User:Thcipriani/Blubber/Tutorial

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Blubber: Getting Started

Blubber is an abstraction for container build configurations. It provides a handful of declarative constructs that give developers control over build configurations without sacrificing security and maintainability.

The tutorials below are intended to provide an overview of the basic parts of Blubber. The hope is that these examples will allow developers to become productive with Blubber as quickly as possible.

Hello World

The standard example for any software is one that can print "Hello World!" to the console.

Here is a Blubberfile that will print "Hello World!" to the console and exit.

version: v3
base: docker-registry.wikimedia.org/wikimedia-stretch

variants:
  hello:
    entrypoint: [echo, "Hello, world!"]

I have the file above saved as hello-blubber.yaml. To generate a Dockerfile from hello-blubber.yaml I pass the blubber command line application two arguments: (1) the path to hello-blubber.yaml file and (2) the name of the variant (from the keys listed under variants) from which I would like to generate a Dockerfile. In this case hello-blubber.yaml only has one variant named hello.

developer@laptop:~/blubber-tutorial$ blubber hello-blubber.yaml hello

This command produces the following Dockerfile on stdout (the output you see may vary depending on your version of blubber):

FROM docker-registry.wikimedia.org/wikimedia-stretch
USER "root"
ENV HOME="/root"
RUN groupadd -o -g "65533" -r "somebody" && useradd -o -m -d "/home/somebody" -r -g "somebody" -u "65533" "somebody" && mkdir -p "/srv/app" && chown "65533":"65533" "/srv/app" && mkdir -p "/opt/lib" && chown "65533":"65533" "/opt/lib"
RUN groupadd -o -g "900" -r "runuser" && useradd -o -m -d "/home/runuser" -r -g "runuser" -u "900" "runuser"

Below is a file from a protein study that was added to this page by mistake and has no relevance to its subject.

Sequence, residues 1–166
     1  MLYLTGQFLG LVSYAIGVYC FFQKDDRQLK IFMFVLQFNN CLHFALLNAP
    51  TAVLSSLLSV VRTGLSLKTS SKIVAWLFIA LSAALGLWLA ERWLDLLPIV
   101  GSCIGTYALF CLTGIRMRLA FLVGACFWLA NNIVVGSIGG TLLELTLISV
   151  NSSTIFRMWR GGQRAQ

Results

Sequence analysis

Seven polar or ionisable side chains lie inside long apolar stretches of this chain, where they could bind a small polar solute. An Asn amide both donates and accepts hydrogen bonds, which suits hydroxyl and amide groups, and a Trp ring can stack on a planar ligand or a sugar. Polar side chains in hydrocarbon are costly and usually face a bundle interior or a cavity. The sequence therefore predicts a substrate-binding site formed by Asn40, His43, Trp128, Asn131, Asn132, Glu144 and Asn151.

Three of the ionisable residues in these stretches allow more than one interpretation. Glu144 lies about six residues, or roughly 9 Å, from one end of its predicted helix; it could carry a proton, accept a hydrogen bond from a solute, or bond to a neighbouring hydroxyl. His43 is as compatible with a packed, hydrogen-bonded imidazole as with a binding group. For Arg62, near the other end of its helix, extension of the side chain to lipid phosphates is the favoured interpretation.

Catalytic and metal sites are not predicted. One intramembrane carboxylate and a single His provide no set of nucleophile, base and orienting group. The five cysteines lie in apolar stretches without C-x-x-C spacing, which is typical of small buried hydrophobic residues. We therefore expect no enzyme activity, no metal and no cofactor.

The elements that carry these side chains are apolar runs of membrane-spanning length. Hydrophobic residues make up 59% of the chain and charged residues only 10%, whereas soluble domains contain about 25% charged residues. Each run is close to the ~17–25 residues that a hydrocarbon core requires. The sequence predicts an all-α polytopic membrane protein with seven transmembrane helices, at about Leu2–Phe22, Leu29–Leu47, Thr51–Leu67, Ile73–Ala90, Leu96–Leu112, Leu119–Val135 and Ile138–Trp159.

USER "somebody"
ENV HOME="/home/somebody"
WORKDIR "/srv/app"
COPY --chown=65533:65533 [".", "."]
USER "runuser"
ENV HOME="/home/runuser"
ENTRYPOINT ["echo", "Hello, world!"]
LABEL blubber.variant="hello" blubber.version="0.4.0+60add2d"

Blubber's only purpose is to create opinionated Dockerfiles. To generate a Dockerfile from a Blubberfile you pass the blubber command line program the path to a Blubberfile and a variant name.

Variants can be named anything, although it is common to have (at minimum) a test variant that creates a Dockerfile for an image that runs a test entrypoint, and a production variant that creates a Dockerfile to build an image that can be run in production. To create a Docker Image from this Dockerfile, you can use unix pipes to pipe the output of Blubber to the input of the docker build command.

developer@laptop:~/blubber-tutorial$ blubber hello-blubber.yaml hello | docker build --tag blubber-tutorial-hello-world --file - .

The command above creates a local Docker Image tagged with the name blubber-tutorial-hello-world. Using - as the file tells docker build to use stdin as the Dockerfile. . at the end of the command tells docker build to use the current directory as the context for any copy commands.

To run this image issue the following command:

developer@laptop:~/blubber-tutorial$ docker run --rm --interactive --tty blubber-tutorial-hello-world:latest
Hello, World!

Hello World, Redux

The previous example was extremely minimal as a means of giving a general introduction using Blubber to build Docker images that can be easily run on the command line. This example is meant to be ever so slightly more complicated as a means of introducing new Blubber concepts.

A slightly more complicated Hello, World! Blubberfile might look like:

version: v3
base: docker-registry.wikimedia.org/wikimedia-stretch
apt:
  packages:
    - figlet

runs:
  environment: { HELLO_WORLD: "Hello, world!" }

variants:
  hello:
    entrypoint: [sh, -c, 'figlet $HELLO_WORLD']

Above we've installed the figlet package from apt and we've also introduced an environment variable to hold our output.

The above Blubberfile produces the following Dockerfile on stdout (the output you see may vary depending on your version of blubber):

FROM docker-registry.wikimedia.org/wikimedia-stretch
USER "root"
ENV HOME="/root"
ENV DEBIAN_FRONTEND="noninteractive"
RUN apt-get update && apt-get install -y "figlet" && rm -rf /var/lib/apt/lists/*
RUN groupadd -o -g "65533" -r "somebody" && useradd -o -m -d "/home/somebody" -r -g "somebody" -u "65533" "somebody" && mkdir -p "/srv/app" && chown "65533":"65533" "/srv/app" && mkdir -p "/opt/lib" && chown "65533":"65533" "/opt/lib"
RUN groupadd -o -g "900" -r "runuser" && useradd -o -m -d "/home/runuser" -r -g "runuser" -u "900" "runuser"
USER "somebody"
ENV HOME="/home/somebody"
WORKDIR "/srv/app"
ENV HELLO_WORLD="Hello, world!"
COPY --chown=65533:65533 [".", "."]